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I have a large CVS repository containing files in ISO-8859-1 and want to convert this to git.

Sure I can configure git to use ISO-8859-1 for encoding, but I would like to have it in utf8.

Now with tools such as iconv or recode I can convert the encoding for the files in my working tree. I could commit this with a message like converted encoding.

My question now is, is there a possibility to convert the complete history? Either when converting from cvs to git or afterwards. My idea would be to write a script that reads each commit in the git repository and to convert it to utf8 and to commit it in a new git repository.

Is this possible (I am unsure about the hash codes and how to walk through the commits, branches and tags). Or is there a tool that can handle something like this?

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Yes, you can rewrite the history, but probably you shouldn't: You should never rewrite a repository, that you already pushed somewhere. My opinion is: iconv and a normal commit is the way to go. – KingCrunch Jun 15 '12 at 14:09
Okay, thanks @KingCrunch. But since I newly create the git repository it is pushed to nowhere. And also I would accept to create a second repository with the utf8 encoding based on the history of the first. Which is basically the same instead that I wouldn't modify the existing repo. – Bertram Nudelbach Jun 15 '12 at 14:14

1 Answer 1

up vote 8 down vote accepted

You can do this with git filter-branch. The idea is that you have to change the encoding of the files in every commit, rewriting each commit as you go.

First, write a script that changes the encoding of every file in the repository. It could look like this:


find . -type f -print | while read f; do
        mv -i "$f" "$f.recode.$$"
        iconv -f iso-8859-1 -t utf-8 < "$f.recode.$$" > "$f"
        rm -f "$f.recode.$$"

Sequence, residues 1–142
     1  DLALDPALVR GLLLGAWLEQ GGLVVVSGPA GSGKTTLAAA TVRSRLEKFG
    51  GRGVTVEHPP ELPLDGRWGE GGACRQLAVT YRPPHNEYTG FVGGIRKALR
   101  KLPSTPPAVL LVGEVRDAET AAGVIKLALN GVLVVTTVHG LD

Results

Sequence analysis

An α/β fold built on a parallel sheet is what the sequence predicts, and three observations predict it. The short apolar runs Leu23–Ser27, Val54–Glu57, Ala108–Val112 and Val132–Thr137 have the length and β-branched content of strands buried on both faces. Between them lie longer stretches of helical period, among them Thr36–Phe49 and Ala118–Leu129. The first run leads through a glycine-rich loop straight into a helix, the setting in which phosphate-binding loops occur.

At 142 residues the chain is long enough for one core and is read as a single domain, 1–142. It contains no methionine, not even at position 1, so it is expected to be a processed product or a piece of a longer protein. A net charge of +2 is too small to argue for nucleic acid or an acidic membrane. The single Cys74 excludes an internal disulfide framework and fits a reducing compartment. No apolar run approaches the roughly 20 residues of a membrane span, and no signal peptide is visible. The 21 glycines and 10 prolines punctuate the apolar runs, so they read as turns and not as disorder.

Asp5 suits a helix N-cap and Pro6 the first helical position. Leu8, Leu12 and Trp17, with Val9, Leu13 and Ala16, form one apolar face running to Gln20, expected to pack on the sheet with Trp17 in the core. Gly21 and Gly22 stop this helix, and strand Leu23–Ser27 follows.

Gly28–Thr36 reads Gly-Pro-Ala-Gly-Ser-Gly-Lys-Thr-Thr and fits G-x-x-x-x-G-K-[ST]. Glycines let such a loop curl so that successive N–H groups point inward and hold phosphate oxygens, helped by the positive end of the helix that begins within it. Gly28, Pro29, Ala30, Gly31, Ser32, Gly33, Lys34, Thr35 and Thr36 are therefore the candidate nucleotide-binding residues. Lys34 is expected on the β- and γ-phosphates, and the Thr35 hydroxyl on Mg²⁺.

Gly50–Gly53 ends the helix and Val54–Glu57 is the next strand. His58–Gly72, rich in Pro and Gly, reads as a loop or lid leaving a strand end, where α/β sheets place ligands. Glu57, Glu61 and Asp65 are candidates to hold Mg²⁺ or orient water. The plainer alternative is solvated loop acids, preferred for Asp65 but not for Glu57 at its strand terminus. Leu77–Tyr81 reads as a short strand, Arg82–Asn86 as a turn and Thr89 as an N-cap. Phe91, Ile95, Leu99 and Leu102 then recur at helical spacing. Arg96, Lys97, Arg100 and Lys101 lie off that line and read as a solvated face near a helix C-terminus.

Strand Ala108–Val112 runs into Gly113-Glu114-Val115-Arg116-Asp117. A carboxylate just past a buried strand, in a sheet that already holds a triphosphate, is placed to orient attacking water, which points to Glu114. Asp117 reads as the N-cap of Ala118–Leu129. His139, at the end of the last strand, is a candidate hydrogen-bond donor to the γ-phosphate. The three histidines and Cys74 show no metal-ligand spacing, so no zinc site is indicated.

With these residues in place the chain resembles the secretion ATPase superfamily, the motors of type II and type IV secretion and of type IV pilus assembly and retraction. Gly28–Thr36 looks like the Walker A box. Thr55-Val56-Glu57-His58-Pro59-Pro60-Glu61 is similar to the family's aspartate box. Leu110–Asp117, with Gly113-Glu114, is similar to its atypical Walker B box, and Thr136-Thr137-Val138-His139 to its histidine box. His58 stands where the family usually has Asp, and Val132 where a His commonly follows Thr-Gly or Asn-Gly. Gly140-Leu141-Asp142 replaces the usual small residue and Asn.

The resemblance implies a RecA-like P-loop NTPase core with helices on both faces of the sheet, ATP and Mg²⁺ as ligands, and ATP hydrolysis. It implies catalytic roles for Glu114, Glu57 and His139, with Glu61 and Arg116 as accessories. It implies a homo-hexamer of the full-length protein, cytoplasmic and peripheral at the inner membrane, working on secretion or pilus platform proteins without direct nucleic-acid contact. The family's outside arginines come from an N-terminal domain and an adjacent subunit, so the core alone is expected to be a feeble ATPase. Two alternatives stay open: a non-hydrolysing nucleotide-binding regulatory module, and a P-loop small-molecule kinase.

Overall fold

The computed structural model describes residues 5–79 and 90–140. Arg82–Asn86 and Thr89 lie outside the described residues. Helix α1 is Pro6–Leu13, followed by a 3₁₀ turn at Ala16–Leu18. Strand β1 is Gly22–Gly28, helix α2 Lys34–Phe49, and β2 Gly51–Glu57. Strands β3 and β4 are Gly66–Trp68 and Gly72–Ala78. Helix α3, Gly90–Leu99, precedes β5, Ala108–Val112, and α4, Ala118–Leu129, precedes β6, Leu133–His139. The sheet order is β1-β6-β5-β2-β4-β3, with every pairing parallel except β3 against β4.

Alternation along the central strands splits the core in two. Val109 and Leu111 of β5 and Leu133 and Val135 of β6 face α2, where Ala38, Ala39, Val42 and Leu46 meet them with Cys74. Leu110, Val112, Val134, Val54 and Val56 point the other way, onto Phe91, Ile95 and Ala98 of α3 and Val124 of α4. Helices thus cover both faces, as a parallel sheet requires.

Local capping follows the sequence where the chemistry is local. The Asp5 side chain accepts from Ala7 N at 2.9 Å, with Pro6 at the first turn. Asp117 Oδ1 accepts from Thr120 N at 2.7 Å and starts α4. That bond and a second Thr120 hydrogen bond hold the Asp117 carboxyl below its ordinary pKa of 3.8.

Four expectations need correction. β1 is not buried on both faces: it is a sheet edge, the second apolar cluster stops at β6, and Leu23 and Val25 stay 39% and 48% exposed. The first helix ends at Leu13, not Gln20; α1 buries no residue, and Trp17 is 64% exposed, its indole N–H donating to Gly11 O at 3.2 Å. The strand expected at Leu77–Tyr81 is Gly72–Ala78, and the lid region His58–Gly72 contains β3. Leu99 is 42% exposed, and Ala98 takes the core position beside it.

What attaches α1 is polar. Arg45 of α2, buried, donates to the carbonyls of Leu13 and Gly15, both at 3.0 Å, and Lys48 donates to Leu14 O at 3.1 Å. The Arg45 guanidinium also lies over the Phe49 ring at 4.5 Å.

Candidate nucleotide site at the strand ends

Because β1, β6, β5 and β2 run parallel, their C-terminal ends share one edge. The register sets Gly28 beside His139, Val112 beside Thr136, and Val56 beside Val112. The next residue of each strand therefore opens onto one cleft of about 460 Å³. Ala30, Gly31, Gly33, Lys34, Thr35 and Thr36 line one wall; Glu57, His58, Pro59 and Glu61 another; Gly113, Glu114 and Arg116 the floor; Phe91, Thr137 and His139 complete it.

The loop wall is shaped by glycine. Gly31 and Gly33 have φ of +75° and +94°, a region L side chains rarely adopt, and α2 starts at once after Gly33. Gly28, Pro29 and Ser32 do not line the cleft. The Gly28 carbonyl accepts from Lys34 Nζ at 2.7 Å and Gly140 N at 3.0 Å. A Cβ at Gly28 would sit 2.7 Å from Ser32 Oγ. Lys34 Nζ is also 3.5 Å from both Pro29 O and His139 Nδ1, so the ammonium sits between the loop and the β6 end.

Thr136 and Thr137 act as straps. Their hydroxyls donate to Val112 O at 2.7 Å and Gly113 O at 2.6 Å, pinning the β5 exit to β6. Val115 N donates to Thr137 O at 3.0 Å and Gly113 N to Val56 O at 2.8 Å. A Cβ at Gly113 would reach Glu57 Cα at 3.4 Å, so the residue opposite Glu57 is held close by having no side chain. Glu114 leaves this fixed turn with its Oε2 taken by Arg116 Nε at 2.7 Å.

Then use git filter-branch to run this script over and over again, once per commit:

git filter-branch --tree-filter /tmp/recode-all-files HEAD

where /tmp/recode-all-files is the above script.

Right after the repository is freshly upgraded from CVS, you probably have just one branch in git with a linear history back to the beginning. If you have several branches, you may need to enhance the git filter-branch command to edit all the commits.

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Great! Currently the command is running on a test git repository. Indeed I've a lot of branches, I just checked the documentation, do I just have to append --all to filter all branches? – Bertram Nudelbach Jun 15 '12 at 16:00
For all others, git filter-branch --tree-filter /tmp/recode-all-files -- --all filters all branches. – Bertram Nudelbach Jun 15 '12 at 17:38
I am trying to use your answer but I get a recode-all-files: command not found. I am using a mac, it appears to have iconv installed, I don't know if I have to set additional setting on that – marimaf May 25 '13 at 2:02
In case you also used ISO-8859-1 characters in commit messages, you can convert those as well: git filter-branch --msg-filter 'iconv -f iso-8859-1 -t utf-8' -- --all – hfs Dec 2 '14 at 12:48

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